WOW! Where do you start with the new Land Rover Defender? When we say the Defender is all-new, we mean it. It’s new from the concept forward and the only carry-over part on it is the model name.
The 2020 Defender arrived in very limited numbers of 110 5-door wagons and most of them were the P400 petrol model. In fact the few 4-cylinder diesel variants have since been discontinued and will be replaced with a new 6-cylinder diesel from April, along with the arrival of the 3-door Defender 90.
The Defender supplied for 4x4OTY is an SE-spec P400 which starts at $102,736 but with a heap of option packs fitted, this one comes in at $126,917. While we would consider most of the options non-essentials, the few worthy of mention include the Towing Pack ($3207) which gets you: All Terrain Progress Control (ATPC), Terrain Response 2, Configurable Terrain Response, Tow Hitch Receiver and Advanced Tow Assist, plus the $806 auto-locking rear differential.
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DRIVETRAIN & PERFORMANCE
LIKE everything about the new Defender, its 3.0-litre 6-cylinder petrol engine is a technical tour de force. It’s what Land Rover calls a mild hybrid with 48-volt engine electrics feeding an electric supercharger to boost performance at lower engine revs before an exhaust-driven turbocharger takes over at higher revs.
That’s keeping things simple but it all adds up to 294kW and 550Nm, which is close enough to 400-horsepower in the old money, hence the P400 nomenclature.
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That’s enough to make the 2400kg Land Rover feel pretty sporty when you put your foot down. The engine delivers a sweet howl and a push in the back when you hold it flat, and the transmission slips through its eight ratios. It’s effortless power delivery making for a high-performance drive on mountain roads and plenty of grunt for low-range mountain climbing.
The performance is enticing and the Defender recorded the highest fuel use on our test week at 19.3L/100km, meaning we were looking to refill the 90-litre tank after two days of High Country driving.
ON ROAD RIDE & HANDLING
THE Defender features height adjustable, fully independent suspension to attempt to give the driver the best of both worlds – on and off road. The on-road drive is exciting and the Landy hunkers down over its 20-inch tyres and makes the most of the engine’s performance. It’s still a big, heavy 4x4 wagon, but its dynamics defy its mass.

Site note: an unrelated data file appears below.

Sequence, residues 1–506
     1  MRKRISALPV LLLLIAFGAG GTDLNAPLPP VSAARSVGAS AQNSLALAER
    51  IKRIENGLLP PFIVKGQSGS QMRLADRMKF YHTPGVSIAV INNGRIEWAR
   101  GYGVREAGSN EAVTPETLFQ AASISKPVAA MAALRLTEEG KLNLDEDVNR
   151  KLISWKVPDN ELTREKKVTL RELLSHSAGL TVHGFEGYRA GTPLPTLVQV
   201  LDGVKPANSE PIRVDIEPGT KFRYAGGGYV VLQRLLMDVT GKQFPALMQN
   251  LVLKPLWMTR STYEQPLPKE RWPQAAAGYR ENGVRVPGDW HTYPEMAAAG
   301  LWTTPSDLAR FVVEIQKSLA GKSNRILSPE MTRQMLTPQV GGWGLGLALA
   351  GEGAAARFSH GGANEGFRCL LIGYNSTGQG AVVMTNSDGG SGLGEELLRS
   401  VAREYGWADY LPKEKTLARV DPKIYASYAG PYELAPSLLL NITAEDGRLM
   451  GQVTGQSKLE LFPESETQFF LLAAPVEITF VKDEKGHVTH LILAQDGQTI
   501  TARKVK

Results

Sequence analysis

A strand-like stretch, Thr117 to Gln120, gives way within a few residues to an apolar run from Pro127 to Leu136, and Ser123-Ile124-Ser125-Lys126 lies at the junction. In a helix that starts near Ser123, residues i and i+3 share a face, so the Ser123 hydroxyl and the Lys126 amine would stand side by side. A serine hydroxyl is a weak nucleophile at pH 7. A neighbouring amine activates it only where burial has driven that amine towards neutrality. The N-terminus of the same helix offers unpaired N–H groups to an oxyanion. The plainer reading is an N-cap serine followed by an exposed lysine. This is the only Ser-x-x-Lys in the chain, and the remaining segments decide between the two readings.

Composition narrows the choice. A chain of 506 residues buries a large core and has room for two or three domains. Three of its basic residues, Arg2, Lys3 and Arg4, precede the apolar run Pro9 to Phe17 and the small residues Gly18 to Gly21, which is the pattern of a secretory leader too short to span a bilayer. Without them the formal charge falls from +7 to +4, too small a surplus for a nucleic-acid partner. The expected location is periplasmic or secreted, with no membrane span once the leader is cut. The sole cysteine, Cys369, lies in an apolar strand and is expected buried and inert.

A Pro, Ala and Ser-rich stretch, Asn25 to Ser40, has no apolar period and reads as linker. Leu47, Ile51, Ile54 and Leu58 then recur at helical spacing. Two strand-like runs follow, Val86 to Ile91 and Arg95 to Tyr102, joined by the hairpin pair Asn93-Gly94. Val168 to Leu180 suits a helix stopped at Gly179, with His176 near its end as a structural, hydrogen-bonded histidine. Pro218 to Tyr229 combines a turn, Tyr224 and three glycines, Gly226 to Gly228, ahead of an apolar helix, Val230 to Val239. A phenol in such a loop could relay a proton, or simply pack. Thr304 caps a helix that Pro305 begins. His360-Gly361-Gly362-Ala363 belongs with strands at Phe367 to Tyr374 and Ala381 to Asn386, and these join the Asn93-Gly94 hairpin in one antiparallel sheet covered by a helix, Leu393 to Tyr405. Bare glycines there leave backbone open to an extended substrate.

The standard 255/60-20 highway tyres still have a pretty good sidewall so the ride isn’t as bad as you might imagine on 20-inch wheels. Overall it’s firm without being uncomfortable and supple enough to soak up the bumps and undulations.
DEFENDER’S Terrain Response 2 system is now configurable so you can set it up to your liking, but it also has an Auto setting so you can forget about it altogether. That’s a good thing as the settings are now in a menu and not as easy to access as they were when they were on a simple dial.
We’ve found the easiest way to get the best off-road performance out of the Defender is to simply push the button to put it in low range, and the button to turn off hill descent control, raise the suspension to its off-road height and away you go. In this mode the Defender feels unstoppable and it walked up our hill climb without raising much dust. Once you get out on the rocky trails, the higher suspension setting can feel a bit harsh and tends to top out the dampeners over bumps, but you can drop it back down one setting if that bothers you.
CABIN AND ACCOMMODATION
THE inside of the Defender is spacious, accommodating and well-equipped. Even without carpet on the floors it felt luxurious in this company but in the context of the modern Land Rover model range, it is far from it. It has everything you need and plenty more making the Defender one of the best long-distance touring vehicles.
The rear cargo area is spacious with room for all your gear, a couple of decent tie-down points and a 12-volt power outlet. The seats fold flat to increase cargo space and the 110 is available as either a 5, 6 or 7-seater.
THE Defender is one of the few 4x4 wagons to have a 3500kg towing capacity to match the utes, and the 110 P400 has around 880kg payload depending on the features fitted.
The smallest wheel rim you can fit over the brakes on the P400 variant is a 19-incher limiting your tyre choices. Buyers wanting off-road rubber would be best to opt for the 20s as they offer more tyre options. Diesel Defenders can be fitted with 18s because of the smaller rear brakes.
There is a range of factory accessories available for the Defender including an intake snorkel and a winch compatible front bar, but we are yet to see much for it from the aftermarket.
ENGINE: 3.0-litre IL6 bi-charge petrol*
MAX POWER: 294kW at 5500rpm
MAX TORQUE: 550Nm at 2000 to 5000rpm
GEARBOX: Eight-speed automatic
4X4 SYSTEM: Dual-range full-time
CRAWL RATIO: 44.3:1
WHEEL/TYRE: 255/60R20 113Q
KERB WEIGHT: 2286kg
TOWING CAPACITY: 3500kg
FUEL TANK CAPACITY: 90 litres
ADR FUEL CLAIM: 9.9L/100km
GROUND CLEARANCE: 291mm
APPROACH ANGLE: 38⁰
RAMPOVER ANGLE: 28⁰
DEPARTURE ANGLE: 40⁰
WADING DEPTH: 900mm
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